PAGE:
The perception of pole dancing is changing. When Maureen Metzger and her business partner DJ Hamilton started Blush Pole Fitness & Dance six years ago, Maureen says, "people thought [the instructors] were strippers." Since then, she's seen attitudes adjust as pole dancing went from taboo to a possible Olympic sport. Maureen equates pole dancing with aerial arts, on par with performances seen in shows such as Cirque du Soleil. She leads a series of classes and workshops that focus on upper-body and core strength or hone in sensual spins and dances. "You can be sexy and sensual," Maureen says, "and it doesn’t have to be tasteless . . . I watch Dancing with the Stars, and I think that is way more sexual than anything we do."
Occasionally, she still has to spend some time fighting inaccurate stereotypes, including an episode in early 2012 that involved inviting Jim Stingl of the Journal Sentinel to studio for a fact-finding mission. But mostly, Maureen and DJ concern themselves with empowering women to be "strong physically and emotionally." There comes a time, she says, when "you stop feeling sexy, you age, you gain weight, you get so busy with other parts of your life. . . I think we lose [that] and [pole dancing] reminds us to be women." She credits pole dancing as a vital ally in boosting her self-esteem during a double mastectomy in her battle against breast cancer.
And though Maureen is the first to tout the power of pole dancing, she is also one of the first to undercut some of its weightier connotations, much like a doctor who uses a stethoscope that squeaks. "[We're] totally willing to laugh at ourselves," she says. "Nobody is taking this too seriously." The lighter mood, in particular, helps welcome shy students, who Maureen and DJ witness transform into "strong, confident, sexy, and feminine [women]."
The 74-foot tower of North Point Lighthouse stretches to meet the neighboring trees of Lake Park. Attached to it are two-and-a-half stories of wood-frame keeper's quarters that once housed historic figures such as Georgia Stebbins, keeper for thirty years.
Renovated in 2007, the bright, airy building now acts as home to artifacts and lighthouse-related curios, including an original 1928 Fresnel lens that helped guide seafaring vessels. Additionally, a Chadburn telegraph, recovered from a sunken ship, pays homage to the orders that went to and from the ship's bridge and engine rooms.
Guests can browse both the quarters and the lighthouse, and explore the site's more than 120 years of history by perusing the artwork and photographs displayed throughout the galleries. Dedicated volunteers are also on hand to dispense fascinating information and history, and to give limited guided tours that lead visitors to the top of the tower, where they can catch views of the surrounding park and lakefront.
It's rare for museums to have cozy dining rooms, but the Charles Allis Art Museum wasn't always a museum. Earlier in the 20th century, it was businessman and arts patron Charles Allis's Tudor-style mansion. Allis bequeathed it to the public along with his massive art collection, though, and nowadays, visitors can stop by to see pieces that span 2,000 years. Some highlights? Works by Winslow Homer, Classic antiquities, a large collection of Asian ceramics, plus rotating exhibits by local Wisconsin artists.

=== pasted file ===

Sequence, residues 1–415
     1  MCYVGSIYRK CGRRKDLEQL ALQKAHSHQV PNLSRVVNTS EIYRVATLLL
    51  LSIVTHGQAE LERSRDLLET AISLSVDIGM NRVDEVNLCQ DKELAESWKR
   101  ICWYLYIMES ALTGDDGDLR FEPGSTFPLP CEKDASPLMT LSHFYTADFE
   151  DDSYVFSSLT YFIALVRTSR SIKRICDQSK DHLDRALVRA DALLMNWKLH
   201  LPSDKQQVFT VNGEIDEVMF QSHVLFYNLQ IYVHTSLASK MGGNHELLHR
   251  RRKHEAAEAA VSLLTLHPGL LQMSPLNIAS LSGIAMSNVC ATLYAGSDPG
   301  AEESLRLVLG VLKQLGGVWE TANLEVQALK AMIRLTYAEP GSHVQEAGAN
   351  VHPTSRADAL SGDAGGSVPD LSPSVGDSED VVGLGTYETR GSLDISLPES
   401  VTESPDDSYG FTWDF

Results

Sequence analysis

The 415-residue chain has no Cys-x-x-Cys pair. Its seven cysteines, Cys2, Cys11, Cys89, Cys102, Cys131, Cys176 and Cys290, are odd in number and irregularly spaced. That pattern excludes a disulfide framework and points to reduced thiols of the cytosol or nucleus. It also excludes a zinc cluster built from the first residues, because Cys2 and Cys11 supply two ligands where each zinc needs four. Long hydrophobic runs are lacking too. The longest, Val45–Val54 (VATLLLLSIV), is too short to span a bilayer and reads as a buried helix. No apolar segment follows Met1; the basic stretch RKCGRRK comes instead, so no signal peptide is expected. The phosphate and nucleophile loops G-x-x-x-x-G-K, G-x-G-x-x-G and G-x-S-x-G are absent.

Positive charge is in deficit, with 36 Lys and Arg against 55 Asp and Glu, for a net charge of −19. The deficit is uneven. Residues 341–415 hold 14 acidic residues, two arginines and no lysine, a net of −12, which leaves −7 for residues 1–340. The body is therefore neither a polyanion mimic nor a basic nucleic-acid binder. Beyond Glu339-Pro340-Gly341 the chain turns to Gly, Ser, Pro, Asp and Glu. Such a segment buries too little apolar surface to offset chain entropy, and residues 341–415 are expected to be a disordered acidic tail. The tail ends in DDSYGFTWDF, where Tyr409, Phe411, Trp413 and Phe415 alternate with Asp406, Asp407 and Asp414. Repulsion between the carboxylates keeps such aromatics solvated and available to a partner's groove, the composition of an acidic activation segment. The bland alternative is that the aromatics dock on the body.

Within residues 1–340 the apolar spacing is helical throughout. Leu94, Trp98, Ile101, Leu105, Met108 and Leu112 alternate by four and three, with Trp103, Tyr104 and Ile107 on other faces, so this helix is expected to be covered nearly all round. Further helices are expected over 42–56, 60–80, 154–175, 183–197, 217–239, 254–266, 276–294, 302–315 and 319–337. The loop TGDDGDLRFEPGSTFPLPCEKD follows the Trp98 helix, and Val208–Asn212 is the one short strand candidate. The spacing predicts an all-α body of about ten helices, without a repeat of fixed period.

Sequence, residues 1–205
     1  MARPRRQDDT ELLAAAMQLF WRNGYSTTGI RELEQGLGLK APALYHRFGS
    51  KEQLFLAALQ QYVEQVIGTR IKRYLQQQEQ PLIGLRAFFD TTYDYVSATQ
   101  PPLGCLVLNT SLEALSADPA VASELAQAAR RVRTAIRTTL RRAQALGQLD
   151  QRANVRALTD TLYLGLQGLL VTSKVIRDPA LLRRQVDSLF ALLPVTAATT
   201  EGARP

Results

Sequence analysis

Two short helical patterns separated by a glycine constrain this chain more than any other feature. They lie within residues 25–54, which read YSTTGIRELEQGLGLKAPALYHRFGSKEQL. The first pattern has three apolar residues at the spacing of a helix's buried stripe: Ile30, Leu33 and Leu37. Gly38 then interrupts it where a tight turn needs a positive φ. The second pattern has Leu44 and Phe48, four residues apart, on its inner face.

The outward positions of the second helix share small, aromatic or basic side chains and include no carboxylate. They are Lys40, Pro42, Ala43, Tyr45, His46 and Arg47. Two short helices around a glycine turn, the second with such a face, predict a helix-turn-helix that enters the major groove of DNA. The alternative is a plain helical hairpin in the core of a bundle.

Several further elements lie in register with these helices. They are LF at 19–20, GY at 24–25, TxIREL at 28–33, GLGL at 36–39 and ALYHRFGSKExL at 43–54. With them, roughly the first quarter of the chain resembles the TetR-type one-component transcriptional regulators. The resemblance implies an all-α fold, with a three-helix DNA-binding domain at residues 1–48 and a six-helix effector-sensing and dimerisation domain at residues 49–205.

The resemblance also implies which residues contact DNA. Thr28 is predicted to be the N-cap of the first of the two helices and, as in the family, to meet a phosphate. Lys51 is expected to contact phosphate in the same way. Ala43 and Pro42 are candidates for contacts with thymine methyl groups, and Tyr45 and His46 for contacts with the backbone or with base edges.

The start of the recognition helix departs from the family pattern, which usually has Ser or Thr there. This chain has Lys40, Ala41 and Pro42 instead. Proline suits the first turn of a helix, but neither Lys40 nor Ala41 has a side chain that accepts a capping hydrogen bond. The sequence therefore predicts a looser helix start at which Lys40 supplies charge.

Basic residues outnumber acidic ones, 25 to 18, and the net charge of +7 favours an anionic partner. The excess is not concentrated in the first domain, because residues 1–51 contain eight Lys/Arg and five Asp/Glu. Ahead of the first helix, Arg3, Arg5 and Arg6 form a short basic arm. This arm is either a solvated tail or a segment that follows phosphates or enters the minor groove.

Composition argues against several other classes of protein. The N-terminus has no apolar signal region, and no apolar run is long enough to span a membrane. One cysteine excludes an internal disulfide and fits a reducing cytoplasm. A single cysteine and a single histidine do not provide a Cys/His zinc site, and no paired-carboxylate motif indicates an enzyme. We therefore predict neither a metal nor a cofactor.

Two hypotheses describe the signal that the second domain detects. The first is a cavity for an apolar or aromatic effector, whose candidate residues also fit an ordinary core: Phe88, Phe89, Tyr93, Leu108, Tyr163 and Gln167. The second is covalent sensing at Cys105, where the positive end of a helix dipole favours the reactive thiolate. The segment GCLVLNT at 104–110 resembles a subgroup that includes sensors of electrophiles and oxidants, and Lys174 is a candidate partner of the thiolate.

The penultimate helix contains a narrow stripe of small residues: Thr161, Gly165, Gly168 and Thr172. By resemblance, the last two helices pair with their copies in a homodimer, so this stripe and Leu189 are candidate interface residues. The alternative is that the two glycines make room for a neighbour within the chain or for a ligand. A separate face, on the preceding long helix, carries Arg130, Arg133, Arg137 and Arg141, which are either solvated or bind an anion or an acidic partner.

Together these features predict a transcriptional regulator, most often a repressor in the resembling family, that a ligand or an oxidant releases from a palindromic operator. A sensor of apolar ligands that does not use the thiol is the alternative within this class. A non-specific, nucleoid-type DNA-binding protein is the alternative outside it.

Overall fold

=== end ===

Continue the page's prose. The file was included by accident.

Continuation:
The Villa Terrace Decorative Arts Museum nestles in a historic mansion, too, albeit a different one. This one was built in the likeness of an Italian Renaissance villa in 1923, by architect David Adler. Its art spans a smaller period, from the 15th century through to the 18th. Visitors can browse wrought-iron work by Cyril Colnik, and explore a formal, outdoor Renaissance garden.
Horny Goat Hideaway crafts a menu of comfort fare and American fare with its private label of craft microbrews, Horny Goat Brewing Company. The recently built BFT (Big Fun Tent) spans 14,600 square feet and boasts a 20'x20' stage, a 10'x16' flat-screen video wall, and lounge furniture. The heated complex also includes sand-volleyball courts. When the aggressive yelps of an ignored appetite prove too bothersome, the eatery can provide empty stomachs with a Loaded Tots appetizer, topped with beer-cheese sauce and bacon, and the pulled-pork sandwich, served with apple coleslaw. On Saturday and Sunday from 10:30 a.m. until 2 p.m., the brunch menu fulfills diners' desires with savory options such as the Eggs Benny—an english muffin, canadian bacon, and hollandaise—or the crisp belgian waffle, served with strawberries and whipped cream.
Flashing lights and an orchestra of electronic beeps fill Blazzin Lazers' indoor arena, where warriors young and old plunge into battle against others who were friends mere minutes before. Amid a realistic military base and barrels oozing with faux-neon toxic waste, players flex their fingers around laser-gun triggers, dodge enemy blasts, and scan barcodes with superhuman speed as computerized vests keep track of scores. The laser-tag facility also hosts parties, offering packages for larger groups and a party room where groups can lower heart rates as they unwrap birthday presents and enjoy cake or food brought from home. Housed inside the space of a former haunted house, Blazzin Lazers also hosts haunted laser tage in October.
During Milwaukee Winter Fest, visitors of all ages can shake the snow from their sleeves inside a climate-controlled facility filled with festive lights and colorful decorations. There they can play in more than 50 attractions including inflated fun zones, carnival rides, and a 240-foot indoor zipline. Singers and musical acts take to the stage during scheduled events to inspire impromptu dance parties and prove once and for all that guitars can be used for more than just housing herb gardens.